The Palermo Vulcano ferry route connects Sicily with Aeolian Islands. Currently there is just the 1 ferry company operating this ferry service, Liberty Lines. The crossing operates up to 7 times each week with sailing durations from around 4 hours 20 minutes.
Palermo Vulcano sailing durations and frequency may vary from season to season so we’d advise doing a live check to get the most up to date information.
Prices shown represent the average one way price paid by our customers on this route. Prices shown are per person.
The Italian city of Palermo is located in the north west of Sicily, by the Gulf of Palermo in the Tyrrhenian Sea. The city has a reputation across the world for its history, gastronomy, culture and architecture with a its origins dating back over 2,700 years. Many visitors flock to the city and it has become Sicily's main hub for culture, commerce and tourism. The city's centre has many examples of fine palaces and churches which give way to areas whose way of life doesn't seem to have changed for centuries. This is perhaps most evident in the markets in Palermo, whose Arabic origins can still be seen today thanks to the noise, aromas, colours, narrow streets and with the excellent array of produce on offer and the general 'souk's atmosphere.
From the city's port, ferry services operate to destinations include Genoa, with a crossing time of 21 hours, Civitavecchia, 14 hour crossing time, Naples, 10 hours and 30 minutes, and Tunisia, 10 hours. It is recommended that foot passengers check in 1 hour prior to departure and vehicles 2 hours prior to departure. For all departures to Tunisia check in should be 4 hours prior to departure.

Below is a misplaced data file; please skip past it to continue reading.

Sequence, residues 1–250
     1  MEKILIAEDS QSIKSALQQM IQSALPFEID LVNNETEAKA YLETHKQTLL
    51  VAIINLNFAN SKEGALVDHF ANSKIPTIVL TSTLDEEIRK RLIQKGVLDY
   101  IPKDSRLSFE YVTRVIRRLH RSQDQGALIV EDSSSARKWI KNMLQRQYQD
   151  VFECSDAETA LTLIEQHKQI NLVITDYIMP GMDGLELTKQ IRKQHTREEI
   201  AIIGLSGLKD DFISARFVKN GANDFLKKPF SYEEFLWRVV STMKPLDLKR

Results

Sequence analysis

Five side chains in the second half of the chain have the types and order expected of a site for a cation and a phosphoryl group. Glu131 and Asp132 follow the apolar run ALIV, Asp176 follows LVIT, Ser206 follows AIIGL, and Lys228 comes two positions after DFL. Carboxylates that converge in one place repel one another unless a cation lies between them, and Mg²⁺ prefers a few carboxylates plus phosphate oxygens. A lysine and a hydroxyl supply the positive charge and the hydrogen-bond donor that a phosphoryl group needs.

The small Italian island of Vulcano lies in the Tyrrhenian Sea and is roughly 25 km off the coast of the island of Sicily. It is the southernmost of the eight islands that make up the Aeolian group of islands. The island has a number of volcanic centres, including one of four active, non-submarine, volcanoes in Italy. The most recent volcanic activity on the island was at the Gran Cratere at the top of the Fossa Cone, with the cone having grown in the Lentia Caldera in the middle of the island, and has had around 9 major eruptions in the last 6,000 years. However, since the eruption of the Fossa Cone between 1888 and 1890, which deposited around 5 meters of material on the summit, the island has been quiet. For the brave, visitors are able to walk to the crater of a volcano where you can observe smoke coming out of the ground! Apart from the volcanos the island is popular with tourists because of its hot springs which are only a short walk from the island's harbour.